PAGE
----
Ballard Lane Chardonnay 2018
Aromas of green apple, buttery pie-crust, white flowers, fig and lime zest. Full-body with excellent balance on the palate, finishing with just enough structure.
Pair with fried chicken, pasta with cream cheese sauce, snack foods like chips or cheese puffs, or grilled white fish.
Critical AcclaimAll Vintages
Rich and lively, this clean and focused white exudes a perfume of toasted coconut and cashew butter rimmed with lemon chiffon. Cedar meets minerality on the palate as toasted almond, fennel root, and crisp pear soften the tartness that arises from the finish of lemon peel. Fermented in stainless steel (100% malolactic) and aged six to eight months in 25% new oak.
The 2018 Chardonnay features baked apples, hay and almonds on the nose with touches of banana cream and toast. The palate is light-bodied and juicy with toasty notes and spice-laced fruits, finishing long. It's a bit of an old-school style yet well-made and enjoyable.
A former Wells Fargo stagecoach stop, the town of Ballard was founded in 1880 with lofty dreams of being a future metropolis. Ballard was named for William Ballard, who ran the Wells Fargo station from 1862 to 1870. Although Ballard served as the connection point between rural and seaside communities, it never grew in mass like it's neighbor Santa Barbara, and is now much as it was over 100 years ago.
Today, Ballard is a combination of sleepy village and upscale bedroom community. The surrounding area is noted for its thriving and well-respected wine industry and was featured in the Academy Award nominated film "Sideways." Vineyards, coastal bluffs and ranches merge seamlessly together through roads the locals call "lanes." Ultimately, many of these paths end up in Ballard.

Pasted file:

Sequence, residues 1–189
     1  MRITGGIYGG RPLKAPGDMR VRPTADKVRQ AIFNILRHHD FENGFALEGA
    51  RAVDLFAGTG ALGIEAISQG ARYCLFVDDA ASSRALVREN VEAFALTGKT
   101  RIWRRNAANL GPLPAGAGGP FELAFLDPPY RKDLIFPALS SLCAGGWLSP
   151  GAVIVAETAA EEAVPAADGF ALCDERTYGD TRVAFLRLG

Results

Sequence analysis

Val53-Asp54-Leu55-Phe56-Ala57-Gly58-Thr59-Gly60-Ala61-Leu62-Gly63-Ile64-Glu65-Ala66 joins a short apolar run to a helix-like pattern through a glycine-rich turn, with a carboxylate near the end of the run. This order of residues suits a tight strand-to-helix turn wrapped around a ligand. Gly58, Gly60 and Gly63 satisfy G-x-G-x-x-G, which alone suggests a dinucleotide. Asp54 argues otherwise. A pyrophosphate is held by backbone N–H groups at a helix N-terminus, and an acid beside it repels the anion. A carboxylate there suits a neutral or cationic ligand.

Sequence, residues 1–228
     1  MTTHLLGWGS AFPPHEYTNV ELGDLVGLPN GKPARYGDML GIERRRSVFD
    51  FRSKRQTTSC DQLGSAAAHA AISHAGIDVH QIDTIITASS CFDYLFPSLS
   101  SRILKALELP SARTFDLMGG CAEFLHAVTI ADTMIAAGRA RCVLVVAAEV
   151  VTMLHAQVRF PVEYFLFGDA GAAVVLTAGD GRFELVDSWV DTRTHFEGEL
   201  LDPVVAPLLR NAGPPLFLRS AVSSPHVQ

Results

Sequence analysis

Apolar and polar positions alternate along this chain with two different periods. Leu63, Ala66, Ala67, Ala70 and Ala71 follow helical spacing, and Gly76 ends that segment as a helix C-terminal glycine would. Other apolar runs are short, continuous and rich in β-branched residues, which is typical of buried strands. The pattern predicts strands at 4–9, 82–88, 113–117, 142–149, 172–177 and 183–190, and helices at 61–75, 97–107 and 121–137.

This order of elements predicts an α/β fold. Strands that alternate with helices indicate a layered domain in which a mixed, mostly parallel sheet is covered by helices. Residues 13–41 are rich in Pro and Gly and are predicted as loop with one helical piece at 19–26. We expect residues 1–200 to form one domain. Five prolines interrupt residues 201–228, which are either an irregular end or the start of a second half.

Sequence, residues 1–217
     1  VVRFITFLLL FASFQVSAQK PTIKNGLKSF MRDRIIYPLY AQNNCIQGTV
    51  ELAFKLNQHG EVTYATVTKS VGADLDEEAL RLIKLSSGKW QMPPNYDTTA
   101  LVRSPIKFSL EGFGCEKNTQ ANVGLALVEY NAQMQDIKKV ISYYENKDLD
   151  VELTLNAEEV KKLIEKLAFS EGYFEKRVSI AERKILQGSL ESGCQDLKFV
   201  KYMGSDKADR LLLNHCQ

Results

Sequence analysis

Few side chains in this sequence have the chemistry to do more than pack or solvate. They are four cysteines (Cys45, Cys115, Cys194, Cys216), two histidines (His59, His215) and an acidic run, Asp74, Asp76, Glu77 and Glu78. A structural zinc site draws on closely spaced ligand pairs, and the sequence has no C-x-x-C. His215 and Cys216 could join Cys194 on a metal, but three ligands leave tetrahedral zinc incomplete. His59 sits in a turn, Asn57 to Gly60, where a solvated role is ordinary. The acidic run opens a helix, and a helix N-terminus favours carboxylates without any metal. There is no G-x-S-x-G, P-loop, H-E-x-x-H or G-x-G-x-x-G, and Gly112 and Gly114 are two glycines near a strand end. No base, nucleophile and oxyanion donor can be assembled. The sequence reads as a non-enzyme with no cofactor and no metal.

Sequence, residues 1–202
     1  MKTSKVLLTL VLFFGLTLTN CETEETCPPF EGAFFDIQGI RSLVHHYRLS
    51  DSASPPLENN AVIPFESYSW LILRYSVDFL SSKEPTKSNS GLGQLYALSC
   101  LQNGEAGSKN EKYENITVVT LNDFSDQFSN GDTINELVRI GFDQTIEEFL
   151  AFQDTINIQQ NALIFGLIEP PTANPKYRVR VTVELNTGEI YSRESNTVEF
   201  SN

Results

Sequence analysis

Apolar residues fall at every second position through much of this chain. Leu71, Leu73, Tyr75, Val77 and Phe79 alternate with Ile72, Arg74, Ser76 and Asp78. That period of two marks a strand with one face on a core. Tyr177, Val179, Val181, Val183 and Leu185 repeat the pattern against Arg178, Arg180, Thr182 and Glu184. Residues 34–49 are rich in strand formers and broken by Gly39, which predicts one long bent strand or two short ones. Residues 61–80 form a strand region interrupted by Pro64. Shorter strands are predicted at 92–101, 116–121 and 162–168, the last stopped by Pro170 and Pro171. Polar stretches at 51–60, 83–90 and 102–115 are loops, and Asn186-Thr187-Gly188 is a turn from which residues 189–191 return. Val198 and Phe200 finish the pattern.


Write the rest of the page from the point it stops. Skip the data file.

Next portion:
The Ballard Lane wines are a reflection of the Miller Family, a Central Coast family who has farmed the area for five generations. Their proprietary knowledge of the climate and terroirs of the Central Coast are reflected in each bottle of Ballard Lane wine.
The largest and perhaps most varied of California’s wine-growing regions, the Central Coast produces a good majority of the state's wine. This vast California wine district stretches from San Francisco all the way to Santa Barbara along the coast, and reaches inland nearly all the way to the Central Valley.
Encompassing an extremely diverse array of climates, soil types and wine styles, it contains many smaller sub-AVAs, including San Francisco Bay, Monterey, the Santa Cruz Mountains, Paso Robles, Edna Valley, Santa Ynez Valley and Santa Maria Valley.
While the Central Coast California wine region could probably support almost any major grape varietiy, it is famous for a few Central Coast reds and whites. Pinot Noir, Chardonnay, Cabernet Sauvignon and Zinfandel are among the major ones. The Central Coast is home to many of the state's small, artisanal wineries crafting unique, high-quality wines, as well as larger producers also making exceptional wines.
One of the most popular and versatile white wine grapes, Chardonnay offers a wide range of flavors and styles depending on where it is grown and how it is made. While it tends to flourish in most environments, Chardonnay from its Burgundian homeland produces some of the most remarkable and longest lived examples. California produces both oaky, buttery styles and leaner, European-inspired wines. Somm Secret—The Burgundian subregion of Chablis, while typically using older oak barrels, produces a bright style similar to the unoaked style. Anyone who doesn't like oaky Chardonnay would likely enjoy Chablis.